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Obama Talks Iraq Violence With Congressional Leaders

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AP Photo / Jacquelyn Martin

The White House provided this readout:

President Obama met today with Senate Majority Leader Reid, Speaker Boehner, Democratic Leader Pelosi and Senate Minority Leader McConnell to discuss the situation in Iraq. The President provided an update on the Administration’s efforts to respond to the threat from ISIL by urging Iraq’s leaders to set aside sectarian agendas and to come together with a sense of national unity. He also reviewed our efforts to strengthen the capacity of Iraq’s security forces to confront the threat from ISIL, including options for increased security assistance. He asked each of the leaders for their view of the current situation and pledged to continue consulting closely with Congress going forward.

Senate Minority Leader Mitch McConnell (R-KY) suggested that it was the fault of the president's withdrawal of U.S. troops from Iraq that paved the way for the havoc. He provided the following statement:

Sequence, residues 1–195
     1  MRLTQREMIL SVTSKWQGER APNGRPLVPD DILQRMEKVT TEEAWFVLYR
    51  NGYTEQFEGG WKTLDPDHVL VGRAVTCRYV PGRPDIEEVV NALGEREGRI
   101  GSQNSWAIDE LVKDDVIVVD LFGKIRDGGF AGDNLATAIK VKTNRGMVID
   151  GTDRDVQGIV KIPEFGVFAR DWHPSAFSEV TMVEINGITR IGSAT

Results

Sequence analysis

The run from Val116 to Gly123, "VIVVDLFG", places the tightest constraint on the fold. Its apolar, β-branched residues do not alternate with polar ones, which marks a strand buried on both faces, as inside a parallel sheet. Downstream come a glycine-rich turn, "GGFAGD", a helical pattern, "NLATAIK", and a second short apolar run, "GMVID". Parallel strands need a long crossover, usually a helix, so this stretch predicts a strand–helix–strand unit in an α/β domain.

ISIL is a lethal, violent terrorist force, and its activities in Syria and Iraq represent a grave threat to U.S. Interests. The President briefed us on the approach he’s taking toward developing a strategy for Iraq. Unfortunately, Iraqi security forces are now less capable than when the President withdrew the entirety of our force without successfully negotiating a remaining U.S. presence capable of preserving our gains and mentoring our partners. It is critical that we protect Americans, our allies and our interests-- and that we learn from the situation in Iraq as the President begins the withdrawal from Afghanistan.

The offices of House Speaker John Boehner (R-OH) and and Senate Majority Leader Harry Reid (D-NV) didn't comment on the closed-door meeting.

House Minority Leader Nancy Pelosi (D-CA) said she "was pleased the President reiterated his assurances that he will not send U.S. troops back into combat in Iraq." She added, "I do not believe the President needs any further legislative authority to pursue the particular options for increased security assistance discussed today."

Notably, neither McConnell nor other GOP leaders, though critical of Obama, haven't suggested a way forward, placing the onus on the president when asked.

So far Obama has decided to send 275 U.S. troops to Iraq to protect the American embassy and American diplomatic interests but said he won't send back ground troops to engage in combat.